By Bill Cotterell
TALLAHASSEE, Fla., March 3 (Reuters) - A state Senate special committee has offered a plan to allow two huge casinos in south Florida, setting up an election-year skirmish between traditional "family fun" tourism interests and developers eager to draw young gamblers away from Caribbean island resorts.
"We're getting ready to roll the dice," Senator Garrett Richter said at the start of a 90-minute meeting on the eve of Florida's 2014 legislative session which convenes on Tuesday.
The Senate Select Committee on Gaming did not vote on the three bills before it, including a constitutional amendment limiting future gambling growth and the massive rearrangement of betting laws ranging from casinos to the state lottery. Instead, the panel set the package up for public discussion in the first half of the session.
The election-year session lasts 60 days and gambling is a big issue. A major side bet in the debate is the future of the state's existing contract with the Seminole Indian tribe, worth more than $200 million a year, which expires next year.
The 2010 compact gives the tribe exclusive rights to banked card games like blackjack at its reservations.
Platoons of lobbyists are also mobilized to defend interests of well-established pari-mutuel horse, dog and jai-alai businesses, as well as the Disney-style attractions in central Florida that want to preserve the state's family vacation image.
The centerpiece of the Senate package is a bill allowing the state to invite proposals from resort developers on a "destination casino" in Miami-Dade County and another in Broward County. Both locations are in south Florida, at least a three-hour drive from the Orlando area, home to Walt Disney World and several other family-themed resorts.
Competitors would have to "demonstrate a commitment to spend a minimum of $2 billion" on each location within five years, and would have to plan mixed-use developments with no more than 10 percent of total square footage devoted to casino operations.
There would be an application fee of $125 million, refundable to unsuccessful suitors, and a requirement that winners contribute $250,000 a year to programs to help compulsive gamblers.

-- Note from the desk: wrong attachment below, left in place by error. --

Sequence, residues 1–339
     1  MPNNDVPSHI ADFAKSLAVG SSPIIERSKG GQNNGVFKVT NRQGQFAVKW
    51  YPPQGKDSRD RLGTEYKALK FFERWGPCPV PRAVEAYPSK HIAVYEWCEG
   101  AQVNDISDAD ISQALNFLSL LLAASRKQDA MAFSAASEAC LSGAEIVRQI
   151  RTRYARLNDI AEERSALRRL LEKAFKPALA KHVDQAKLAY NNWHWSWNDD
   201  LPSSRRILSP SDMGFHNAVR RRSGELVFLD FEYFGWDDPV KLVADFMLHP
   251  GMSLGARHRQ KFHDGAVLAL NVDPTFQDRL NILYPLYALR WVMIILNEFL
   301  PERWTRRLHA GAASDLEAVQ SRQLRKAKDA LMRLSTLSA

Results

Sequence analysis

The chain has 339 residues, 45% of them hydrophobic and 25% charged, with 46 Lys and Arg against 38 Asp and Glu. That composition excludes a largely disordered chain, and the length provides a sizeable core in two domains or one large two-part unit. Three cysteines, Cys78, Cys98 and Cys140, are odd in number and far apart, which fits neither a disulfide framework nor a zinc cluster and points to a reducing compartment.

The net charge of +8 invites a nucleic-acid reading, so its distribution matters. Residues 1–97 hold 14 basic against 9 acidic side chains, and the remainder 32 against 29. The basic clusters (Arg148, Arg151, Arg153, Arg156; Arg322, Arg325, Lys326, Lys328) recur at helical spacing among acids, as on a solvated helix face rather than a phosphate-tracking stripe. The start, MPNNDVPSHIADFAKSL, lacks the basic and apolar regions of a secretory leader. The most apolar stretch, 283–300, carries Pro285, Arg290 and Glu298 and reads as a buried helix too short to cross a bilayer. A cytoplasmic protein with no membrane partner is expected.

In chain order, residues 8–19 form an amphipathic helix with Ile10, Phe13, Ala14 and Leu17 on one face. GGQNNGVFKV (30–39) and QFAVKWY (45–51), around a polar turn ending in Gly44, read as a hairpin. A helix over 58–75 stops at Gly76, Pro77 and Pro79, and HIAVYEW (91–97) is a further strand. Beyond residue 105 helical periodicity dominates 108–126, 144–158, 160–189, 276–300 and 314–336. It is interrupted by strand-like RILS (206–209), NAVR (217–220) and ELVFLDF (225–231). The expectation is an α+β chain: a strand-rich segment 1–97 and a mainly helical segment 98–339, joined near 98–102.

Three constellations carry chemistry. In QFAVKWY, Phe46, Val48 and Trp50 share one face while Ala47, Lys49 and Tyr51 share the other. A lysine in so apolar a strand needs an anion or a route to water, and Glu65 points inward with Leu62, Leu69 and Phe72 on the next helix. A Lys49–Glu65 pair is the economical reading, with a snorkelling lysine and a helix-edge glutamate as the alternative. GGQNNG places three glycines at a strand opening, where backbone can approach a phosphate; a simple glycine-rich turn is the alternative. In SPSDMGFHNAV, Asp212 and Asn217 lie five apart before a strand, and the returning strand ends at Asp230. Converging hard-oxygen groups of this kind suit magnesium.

"We're probably at least five years away from the first destination resort casino opening its doors," said Richter, a Naples Republican whose committee has been holding public hearings across the state and working on a bill since last May that now runs to 453 pages.
Casino companies from Malaysia and Las Vegas have pitched ideas for the Southeast Florida operations, but there is resistance not only from Central Florida family attractions but also conservative lawmakers who don't like gambling at all.
Malaysia's Genting Group paid about $400 million in 2011 for the former waterfront offices of the Miami Herald newspaper and a nearby commercial complex, hoping to get permission to build a $3 billion casino resort, with 50 restaurants, 5,200 hotel rooms and some 8,000 slot machines.
Aside from the mega resorts, the casino package also provides for consolidating state gambling regulation under a new Gaming Control Department, responsible to a state regulatory commission and a joint legislative committee that would monitor the spread of gambling. A separate bill provides for a constitutional amendment to be on the November ballot, providing that no further expansion of gambling would be allowed without majority approval by Florida voters.
The new department would absorb the existing state lottery, as well as regulation of existing pari-mutuel betting establishments.
Some members of the select committee voiced concern about casinos' impact on surrounding businesses, saying hotel guests would rarely venture out of a restaurant-shopping complex and long-established shops near a casino would wither in a short time.
The Republican leadership in the House of Representatives has not shown as much interest in casinos as the Senate, and Governor Rick Scott has remained noncommittal, saying only that he does not want the state to become dependent on gambling revenue.